It took this Green Beret 48 years to get the Medal of Honor he deserved

In 1966, the U.S. Army’s Sgt. 1st Class Bennie Adkins fought the North Vietnamese Army for almost four days, using whatever was at his disposal: mortars, machine guns, small arms, and hand grenades. He killed as many as 175 enemy troops and was wounded 18 times. Over the course of the battle all of the men of his unit were either killed or wounded.

For his gallantry and bravery, the Army presented him with … the Distinguished Service Cross.

image

The Distinguished Service Cross, the U.S. military’s second highest military honor, is no small award, but after all was said and done, after all the participants were interviewed and the communications during the fighting were scrutinized, Adkins actions that day in Vietnam called for the highest honor the U.S. can bestow on its armed forces. Why he did not receive the Medal of Honor back then is unclear.

After a lot of lobbying by Alabama Congressman Mike Rogers and then-Secretary of Defense Chuck Hagel, the award was upgraded in 2014. Adkins, having achieved the rank of Army Command Sergeant Major, was presented with the Medal of Honor by President Barack Obama in a White House ceremony.

https://www.youtube.com/watch?v=RqEYlFjfAWo

Here’s an excerpt from Adkins’ Medal of Honor citation:

When Adkins’ camp was attacked by a large North Vietnamese and Viet Cong force in the early morning hours of March 9, 1966, Sergeant First Class Adkins rushed through intense enemy fire and manned a mortar position continually adjusting fire for the camp, despite incurring wounds as the mortar pit received several direct hits from enemy mortars.

Upon learning that several soldiers were wounded near the center of camp, he temporarily turned the mortar over to another soldier, ran through exploding mortar rounds and dragged several comrades to safety. As the hostile fire subsided, Adkins exposed himself to sporadic sniper fire while carrying his wounded comrades to the camp dispensary.

When Adkins and his group of defenders came under heavy small arms fire from members of the Civilian Irregular Defense Group that had defected to fight with the North Vietnamese, he maneuvered outside the camp to evacuate a seriously wounded American and draw fire all the while successfully covering the rescue.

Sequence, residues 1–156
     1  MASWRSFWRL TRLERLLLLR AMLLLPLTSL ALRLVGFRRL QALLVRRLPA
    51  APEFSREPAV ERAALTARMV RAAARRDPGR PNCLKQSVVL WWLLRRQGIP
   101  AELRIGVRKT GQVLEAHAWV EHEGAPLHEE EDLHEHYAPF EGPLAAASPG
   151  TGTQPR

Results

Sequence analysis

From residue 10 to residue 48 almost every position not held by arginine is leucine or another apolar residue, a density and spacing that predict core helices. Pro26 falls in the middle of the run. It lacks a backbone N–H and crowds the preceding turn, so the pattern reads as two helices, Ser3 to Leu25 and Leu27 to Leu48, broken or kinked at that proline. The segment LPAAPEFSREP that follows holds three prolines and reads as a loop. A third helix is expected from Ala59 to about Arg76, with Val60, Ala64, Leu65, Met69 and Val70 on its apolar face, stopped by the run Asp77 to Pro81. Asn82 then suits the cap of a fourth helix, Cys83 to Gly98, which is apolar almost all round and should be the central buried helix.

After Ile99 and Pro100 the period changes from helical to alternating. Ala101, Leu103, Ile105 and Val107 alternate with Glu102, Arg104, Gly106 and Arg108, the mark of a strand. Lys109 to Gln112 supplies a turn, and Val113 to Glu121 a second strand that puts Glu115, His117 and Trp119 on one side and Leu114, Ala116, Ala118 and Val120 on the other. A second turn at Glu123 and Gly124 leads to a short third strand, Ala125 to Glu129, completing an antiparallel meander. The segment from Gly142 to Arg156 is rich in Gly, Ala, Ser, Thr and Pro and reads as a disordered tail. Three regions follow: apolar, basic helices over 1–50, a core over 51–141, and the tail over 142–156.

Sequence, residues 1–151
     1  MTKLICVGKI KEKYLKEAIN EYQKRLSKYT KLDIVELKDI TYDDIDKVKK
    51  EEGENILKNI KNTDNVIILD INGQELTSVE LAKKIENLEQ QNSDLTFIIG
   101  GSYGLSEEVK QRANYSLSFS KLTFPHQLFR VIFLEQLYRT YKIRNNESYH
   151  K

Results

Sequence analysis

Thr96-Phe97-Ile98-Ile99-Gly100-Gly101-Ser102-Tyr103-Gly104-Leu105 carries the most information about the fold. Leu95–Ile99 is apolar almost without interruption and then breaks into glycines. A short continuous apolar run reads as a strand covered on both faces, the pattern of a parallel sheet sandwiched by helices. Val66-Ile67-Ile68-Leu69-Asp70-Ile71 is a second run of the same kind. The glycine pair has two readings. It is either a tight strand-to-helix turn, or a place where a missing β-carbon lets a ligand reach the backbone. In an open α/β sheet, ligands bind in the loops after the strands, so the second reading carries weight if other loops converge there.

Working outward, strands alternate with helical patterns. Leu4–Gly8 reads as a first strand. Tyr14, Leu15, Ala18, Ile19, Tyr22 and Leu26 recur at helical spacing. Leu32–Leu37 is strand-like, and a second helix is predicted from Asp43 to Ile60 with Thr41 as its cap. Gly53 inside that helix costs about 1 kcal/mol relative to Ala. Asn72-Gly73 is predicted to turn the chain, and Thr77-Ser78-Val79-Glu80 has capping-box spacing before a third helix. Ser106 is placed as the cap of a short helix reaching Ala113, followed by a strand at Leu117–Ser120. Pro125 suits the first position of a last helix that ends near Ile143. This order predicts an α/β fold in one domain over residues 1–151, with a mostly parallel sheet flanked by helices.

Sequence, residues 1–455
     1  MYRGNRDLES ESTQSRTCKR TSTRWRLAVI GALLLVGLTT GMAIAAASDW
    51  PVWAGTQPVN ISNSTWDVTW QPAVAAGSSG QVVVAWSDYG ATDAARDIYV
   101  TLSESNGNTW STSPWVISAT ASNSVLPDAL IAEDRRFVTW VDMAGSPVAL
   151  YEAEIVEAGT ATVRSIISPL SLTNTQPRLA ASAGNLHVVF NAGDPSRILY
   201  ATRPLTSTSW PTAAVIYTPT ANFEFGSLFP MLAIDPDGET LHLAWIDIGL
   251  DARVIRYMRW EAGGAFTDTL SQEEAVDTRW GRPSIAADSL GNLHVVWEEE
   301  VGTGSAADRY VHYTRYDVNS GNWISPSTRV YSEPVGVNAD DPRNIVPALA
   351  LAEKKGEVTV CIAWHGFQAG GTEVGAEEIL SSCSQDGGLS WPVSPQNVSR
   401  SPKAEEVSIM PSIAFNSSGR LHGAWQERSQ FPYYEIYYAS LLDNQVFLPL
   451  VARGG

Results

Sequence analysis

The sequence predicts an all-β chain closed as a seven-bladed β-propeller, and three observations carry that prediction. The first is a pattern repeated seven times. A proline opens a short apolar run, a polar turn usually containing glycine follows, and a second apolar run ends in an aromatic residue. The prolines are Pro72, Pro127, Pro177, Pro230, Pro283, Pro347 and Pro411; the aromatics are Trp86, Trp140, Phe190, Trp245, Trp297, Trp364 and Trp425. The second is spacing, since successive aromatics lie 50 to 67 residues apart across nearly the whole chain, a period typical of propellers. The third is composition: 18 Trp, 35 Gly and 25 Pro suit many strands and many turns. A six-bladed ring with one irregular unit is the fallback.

When a resupply air drop landed outside of the camp perimeter, Adkins, again, moved outside of the camp walls to retrieve the much needed supplies.

During the early morning hours of March 10, 1966, enemy forces launched their main attack and within two hours, Adkins was the only man firing a mortar weapon. When all mortar rounds were expended, Adkins began placing effective recoilless rifle fire upon enemy positions. Despite receiving additional wounds from enemy rounds exploding on his position, Adkins fought off intense waves of attacking Viet Cong.

Adkins eliminated numerous insurgents with small arms fire after withdrawing to a communications bunker with several soldiers. Running extremely low on ammunition, he returned to the mortar pit, gathered vital ammunition and ran through intense fire back to the bunker. After being ordered to evacuate the camp, Adkins and a small group of soldiers destroyed all signal equipment and classified documents, dug their way out of the rear of the bunker, and fought their way out of the camp.

While carrying a wounded soldier to the extraction point he learned that the last helicopter had already departed. Adkins led the group while evading the enemy until they were rescued by helicopter on March 12, 1966.

web-adkins-moh-15257829652_7a9903f555_o

Adkins is now 82 and walks with a cane. During the ceremony he stood at attention, unassisted, as the President put the Medal of Honor around his collar. He saluted the crowd and then walked off stage.

“This Medal of Honor belongs to the other 16 Special Forces soldiers with me,” he said.

TOP ARTICLES
SpaceX launching a third top-secret satellite

SpaceX is launching a secretive mission this month. The mission, shrouded in secrecy, has some considering it may be for the CIA or the NSA.

This is how the Air Force will use prop planes on high-tech battlefields

The Air Force is looking toward a light-attack aircraft program, known as OA-X, to produce a plane that meets its needs and gets the job done.

A retired SEAL commander on how to stop thinking and 'get after it' every day

This former Navy commander has some excellent advice on how to jump start your day, and "get some" in order to make it as productive as possible.

Marines return to battle in 'old stomping grounds'

The Marines recall their "old stomping grounds" as they return to Fallujah and the surround areas of Al Anbar Province to battle a new enemy.

How Chinese drones are set to swarm the global market

China has stepped up it's drone game, and even though United States technology can still compete, China's drones are kind of really in demand.

That time two countries' Special Forces squared off in combat

In an area the size of the Falkland Islands, British and Argentine special operators were bound to run into each other at some point – a lot.

5 times pilots got in trouble for having fun in the sky

When pilots decide to do some fancy flying in their high-performance fighters, it can land them in trouble once they're back on the ground.

This is why Nazis dubbed these paratroopers 'devils in baggy pants'

"American paratroopers – devils in baggy pants – are less than 100 meters from my outpost line. I can’t sleep at night," wrote one German commander.

9 ISIS weapon fails that you have to see to believe

Many bad guys just want record themselves laying rounds down range for social media purposes — and we're glad they did. Laugh away, America!

US Army recruitment campaigns, ranked from worst to best

Advertising can really impact recruitment for the military. For better or for worse, here are some of the Army's most memorable slogans...